Monday, March 23, 2009

Vermont Closing in on SSM

The Vermont Senate seems smarter than its Massachusetts counterparts. The speeches today were toward advancing the same-sex marriage bill there and they were better than we are used to hearing here.

The 30-member body voted to move it to its third and final reading tomorrow by 26 to 4. It should pass in what is traditionally a pro forma vote then.

The Burlington Free Press is doing a great job of live streaming coverage and then analyzing the discussion and results. For today's remarks from the stream, head here. The most moving and profound remarks were from bill sponsors, particularly Senators John Campbell and Richard McCormack (both Windsor-D).

The closest thing to real controversy today was an amendment proposal from Sen. Kevin Mullin (Rutland-R) to delay it all for a non-binding referendum, which would push out the bill for at least a year. That lost 19 to 10.

The bill has been through discussion on and off for years. The concepts of SSM have been the subject to two major and prolonged public studies with hearings. The current bill has been through detailed and very open testimony and hearings, which resulted in the Senate Judiciary Committee recommending it to the whole body 5 to 0.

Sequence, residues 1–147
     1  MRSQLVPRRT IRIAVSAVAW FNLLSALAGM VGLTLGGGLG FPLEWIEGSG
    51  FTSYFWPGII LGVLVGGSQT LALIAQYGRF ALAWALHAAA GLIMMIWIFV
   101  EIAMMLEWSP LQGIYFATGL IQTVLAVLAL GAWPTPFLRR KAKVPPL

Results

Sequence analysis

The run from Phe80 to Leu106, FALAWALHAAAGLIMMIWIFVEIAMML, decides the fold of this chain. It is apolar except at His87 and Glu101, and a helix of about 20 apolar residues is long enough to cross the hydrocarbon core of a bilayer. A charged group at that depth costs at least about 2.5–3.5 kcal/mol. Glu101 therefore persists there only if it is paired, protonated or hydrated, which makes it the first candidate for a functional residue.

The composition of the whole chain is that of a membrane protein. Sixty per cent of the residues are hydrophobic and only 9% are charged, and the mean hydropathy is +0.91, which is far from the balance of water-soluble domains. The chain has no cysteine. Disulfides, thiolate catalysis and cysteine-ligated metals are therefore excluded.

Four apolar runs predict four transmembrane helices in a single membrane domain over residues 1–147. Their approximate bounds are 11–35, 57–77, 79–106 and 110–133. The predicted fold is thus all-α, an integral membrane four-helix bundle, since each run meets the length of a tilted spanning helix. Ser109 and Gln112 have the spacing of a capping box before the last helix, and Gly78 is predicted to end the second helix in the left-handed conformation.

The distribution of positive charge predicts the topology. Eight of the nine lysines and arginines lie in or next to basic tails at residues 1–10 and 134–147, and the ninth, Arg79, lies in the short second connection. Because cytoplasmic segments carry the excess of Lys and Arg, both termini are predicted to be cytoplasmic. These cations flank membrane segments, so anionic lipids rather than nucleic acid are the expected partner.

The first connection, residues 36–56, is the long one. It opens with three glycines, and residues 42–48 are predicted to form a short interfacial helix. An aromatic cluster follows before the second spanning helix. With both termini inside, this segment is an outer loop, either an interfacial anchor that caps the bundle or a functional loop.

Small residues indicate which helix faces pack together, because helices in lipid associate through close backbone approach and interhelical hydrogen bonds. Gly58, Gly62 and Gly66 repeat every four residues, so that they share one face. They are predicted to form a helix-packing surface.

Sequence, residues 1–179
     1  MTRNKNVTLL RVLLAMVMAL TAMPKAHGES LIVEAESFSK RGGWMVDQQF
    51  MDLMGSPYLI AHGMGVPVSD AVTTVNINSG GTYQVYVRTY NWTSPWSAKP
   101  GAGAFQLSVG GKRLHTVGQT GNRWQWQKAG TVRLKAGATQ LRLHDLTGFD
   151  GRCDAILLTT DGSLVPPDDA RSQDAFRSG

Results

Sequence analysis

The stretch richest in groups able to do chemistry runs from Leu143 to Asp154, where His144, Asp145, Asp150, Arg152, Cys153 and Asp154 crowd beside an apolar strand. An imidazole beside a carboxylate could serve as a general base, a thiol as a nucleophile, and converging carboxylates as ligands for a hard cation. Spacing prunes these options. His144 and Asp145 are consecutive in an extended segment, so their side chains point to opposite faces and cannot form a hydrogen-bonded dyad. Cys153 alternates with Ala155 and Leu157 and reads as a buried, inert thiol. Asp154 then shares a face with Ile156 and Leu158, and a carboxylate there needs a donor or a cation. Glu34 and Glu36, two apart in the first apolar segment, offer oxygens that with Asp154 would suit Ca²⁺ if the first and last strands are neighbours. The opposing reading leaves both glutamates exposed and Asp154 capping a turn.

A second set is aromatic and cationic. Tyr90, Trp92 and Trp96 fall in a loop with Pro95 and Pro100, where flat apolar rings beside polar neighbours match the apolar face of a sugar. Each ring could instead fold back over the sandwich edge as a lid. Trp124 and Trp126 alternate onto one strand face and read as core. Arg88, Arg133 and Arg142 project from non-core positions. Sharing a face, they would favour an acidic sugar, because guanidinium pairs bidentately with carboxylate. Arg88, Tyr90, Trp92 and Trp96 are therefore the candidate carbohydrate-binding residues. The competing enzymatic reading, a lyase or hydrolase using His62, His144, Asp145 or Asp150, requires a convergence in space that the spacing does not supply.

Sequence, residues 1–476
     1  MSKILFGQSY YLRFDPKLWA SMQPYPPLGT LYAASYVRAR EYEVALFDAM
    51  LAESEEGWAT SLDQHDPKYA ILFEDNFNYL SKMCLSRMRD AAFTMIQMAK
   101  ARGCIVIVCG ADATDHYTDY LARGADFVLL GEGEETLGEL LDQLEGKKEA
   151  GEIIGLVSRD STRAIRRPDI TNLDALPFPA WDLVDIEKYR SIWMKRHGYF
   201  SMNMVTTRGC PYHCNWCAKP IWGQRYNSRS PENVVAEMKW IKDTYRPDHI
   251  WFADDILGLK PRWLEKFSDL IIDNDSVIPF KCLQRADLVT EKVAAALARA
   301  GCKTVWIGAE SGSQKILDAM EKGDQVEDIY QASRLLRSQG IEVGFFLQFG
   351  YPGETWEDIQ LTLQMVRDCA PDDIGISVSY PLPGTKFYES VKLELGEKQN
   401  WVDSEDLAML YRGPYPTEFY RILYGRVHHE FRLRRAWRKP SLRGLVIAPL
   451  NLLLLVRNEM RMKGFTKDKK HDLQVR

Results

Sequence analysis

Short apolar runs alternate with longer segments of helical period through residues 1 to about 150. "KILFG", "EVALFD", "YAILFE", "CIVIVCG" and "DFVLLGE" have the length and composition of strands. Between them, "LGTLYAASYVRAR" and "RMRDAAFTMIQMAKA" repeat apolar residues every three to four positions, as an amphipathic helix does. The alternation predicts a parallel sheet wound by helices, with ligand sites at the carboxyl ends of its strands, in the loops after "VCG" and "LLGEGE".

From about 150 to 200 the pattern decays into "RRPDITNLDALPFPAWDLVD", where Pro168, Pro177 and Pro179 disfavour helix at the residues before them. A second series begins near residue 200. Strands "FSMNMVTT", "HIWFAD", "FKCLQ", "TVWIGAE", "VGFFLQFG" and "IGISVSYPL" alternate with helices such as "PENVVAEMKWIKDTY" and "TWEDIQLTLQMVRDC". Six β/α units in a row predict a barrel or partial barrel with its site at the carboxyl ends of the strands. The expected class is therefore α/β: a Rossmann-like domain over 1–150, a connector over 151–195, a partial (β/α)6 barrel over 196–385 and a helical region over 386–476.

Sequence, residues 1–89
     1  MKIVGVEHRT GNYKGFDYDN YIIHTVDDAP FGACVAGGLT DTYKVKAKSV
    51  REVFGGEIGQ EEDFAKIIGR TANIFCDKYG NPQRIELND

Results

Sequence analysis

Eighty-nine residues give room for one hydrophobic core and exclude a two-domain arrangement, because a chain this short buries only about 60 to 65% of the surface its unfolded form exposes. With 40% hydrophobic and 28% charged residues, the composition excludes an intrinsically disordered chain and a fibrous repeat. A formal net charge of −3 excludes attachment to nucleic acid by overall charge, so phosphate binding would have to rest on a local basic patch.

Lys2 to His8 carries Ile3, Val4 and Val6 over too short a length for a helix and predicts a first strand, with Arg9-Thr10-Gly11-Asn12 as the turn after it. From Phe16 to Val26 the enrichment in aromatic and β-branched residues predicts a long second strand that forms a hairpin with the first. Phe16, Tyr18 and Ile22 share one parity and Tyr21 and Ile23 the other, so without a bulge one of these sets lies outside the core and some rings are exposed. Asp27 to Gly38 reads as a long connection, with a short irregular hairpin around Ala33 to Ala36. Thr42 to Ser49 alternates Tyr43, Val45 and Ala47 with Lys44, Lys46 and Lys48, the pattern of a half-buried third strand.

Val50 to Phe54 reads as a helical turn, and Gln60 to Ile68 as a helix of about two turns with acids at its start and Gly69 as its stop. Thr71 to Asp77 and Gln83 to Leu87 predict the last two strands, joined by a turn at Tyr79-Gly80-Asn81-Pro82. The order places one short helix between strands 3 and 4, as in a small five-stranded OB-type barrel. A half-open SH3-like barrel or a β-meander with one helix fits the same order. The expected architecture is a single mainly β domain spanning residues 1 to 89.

After it passes tomorrow, it still faces the same hearing/reading/debate/vote process in the House. Everyone there, including Speaker Shap Smith, expects it to pass. However, there it gets more interesting and tenuous.

Gov. Jim Douglas is squishy on his opposition to SSM. He claims he feels marriage is between one man and one woman. He won't say if he'll sign the bill after it gets to his desk. He won't say if he'll veto it. He won't say if he'll let it become law without acting.

The legislature has 30 Senators and 150 Representatives. A veto override requires two-thirds of each house — 20 in the Senate and 100 in the House. Until the House votes, no one is sure whether there will be 100 votes there.

Douglas is a real attention hound. He'll get plenty.

Tuesday No-Surprise Add: The Vermont Senate did pass the SSM bill, by a voice vote with what the Free Press reported was "By a voice vote with a few barely audible no votes..." Now the House repeats the Senate procedure, starting its Judiciary Committee hearing on the matter today.

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1 comment:

Anonymous said...

They don't need a veto proof margin if the governor allows it to become law without his signature. That is certainly a possible outcome.

Regarding a mandated referendum, you may enjoy this little analysis of another similar attempt in Washington.